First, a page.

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Internet port scanning and security attempts.

PsyBorg

Wake up! Time to fly!
#1
As many know over a year ago I got my phone hacked from someone who managed to get my password for the forums here. I didn't know much about phones and security then. Since then I have been REAL conscious of security. I have my firewall let me know when anything not normal happens.

In the last month I have been hit with 274 port scanning and security vulnerability intrusion attacks. 99% of them are out of St Petersburg Russia according to whois look up. 99% of these attack warnings occur when I am logged on the forums here or immediately after I log off.

What I would like to know is if any of you guys monitor intrusions this closely or just let your firewalls manage them and not bother you with warnings. I am really curious if I am being singled out or this is pretty much the case for everyone and there are just that many :poop:birds in the world. Would some of you more savvy guys look at your intrusion detection log and let me know if you see the same thing or if I should be worried and need to dig further or even get authorities involved.

I don't remember this many attempts in the past when I was on other systems or prior to the phone hack.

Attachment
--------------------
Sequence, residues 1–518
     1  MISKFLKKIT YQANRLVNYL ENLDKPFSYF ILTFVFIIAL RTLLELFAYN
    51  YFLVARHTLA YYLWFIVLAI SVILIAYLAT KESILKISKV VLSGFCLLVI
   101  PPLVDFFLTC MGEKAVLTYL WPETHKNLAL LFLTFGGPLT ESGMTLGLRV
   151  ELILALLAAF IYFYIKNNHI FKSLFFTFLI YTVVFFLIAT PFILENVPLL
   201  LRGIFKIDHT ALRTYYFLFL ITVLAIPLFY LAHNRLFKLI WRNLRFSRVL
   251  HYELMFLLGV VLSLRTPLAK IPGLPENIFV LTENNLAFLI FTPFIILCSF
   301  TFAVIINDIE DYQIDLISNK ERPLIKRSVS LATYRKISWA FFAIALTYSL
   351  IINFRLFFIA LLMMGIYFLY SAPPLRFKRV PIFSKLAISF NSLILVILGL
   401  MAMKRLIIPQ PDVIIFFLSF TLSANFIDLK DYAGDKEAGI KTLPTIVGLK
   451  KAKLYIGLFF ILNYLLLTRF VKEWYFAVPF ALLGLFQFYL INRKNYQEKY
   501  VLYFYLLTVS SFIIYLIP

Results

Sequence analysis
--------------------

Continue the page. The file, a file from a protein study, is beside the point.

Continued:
JasonK

Well-known member
#2
a good while back, I remember that if you turned up a windows machine, you had to do it on a private network that was firewalled off, because the general flow of 'remote hacking' attempts scanning IP addresses was so significant that it would likely be infected before you finished the install setup and started installing patches. Yes this speaks to the bad default security of windows... but also to the amount of 'looking for vulnerabilities' that are generally out there.

A quick google doesn't show any 'standard' process associated with port 274, so if I was to guess, this might be scanning for some sort of infection or some software that uses that port but isn't very standard. Or could even be scanning for software running 'off port' (sometimes done as a security through obscurity situation).
 

LitterBug

Troll Spammer
#3
I have a dedcated firewall which everything is behind. I will never trust the AIO router/wifi/print/storage cluster #-#_ devices which are under patched, full of vunerabilities, and have holes built in by design. Port scans are very common. they are looking for ANYTHING that may be open to attack. Any server or IOT device belongs on a different network (subnet) so if it is compromised, it does not offer up a path to the rest of your network.

LB
 

PsyBorg

Wake up! Time to fly!
#4
Yeah I started learning networking back in the late 80's and 90's but got away from it all after I got hurt. I'm not up on all I should be security wise. I have been lazy and used products like Norton 360 before. I now have a better corporate level security software in place. It blocks all ports automatically and I set up my programs in a learning mode to let it set up all the things I use as I add them.

Its been very reliable and stable and I trust it for the most part. Its just the step up in warnings that has me asking questions. Obviously its doing its thing or else I would not have all these alerts. It has even blocked Amazon AWS port scans as well as US Army port scans (unless those ip's were some how spoofed and renamed)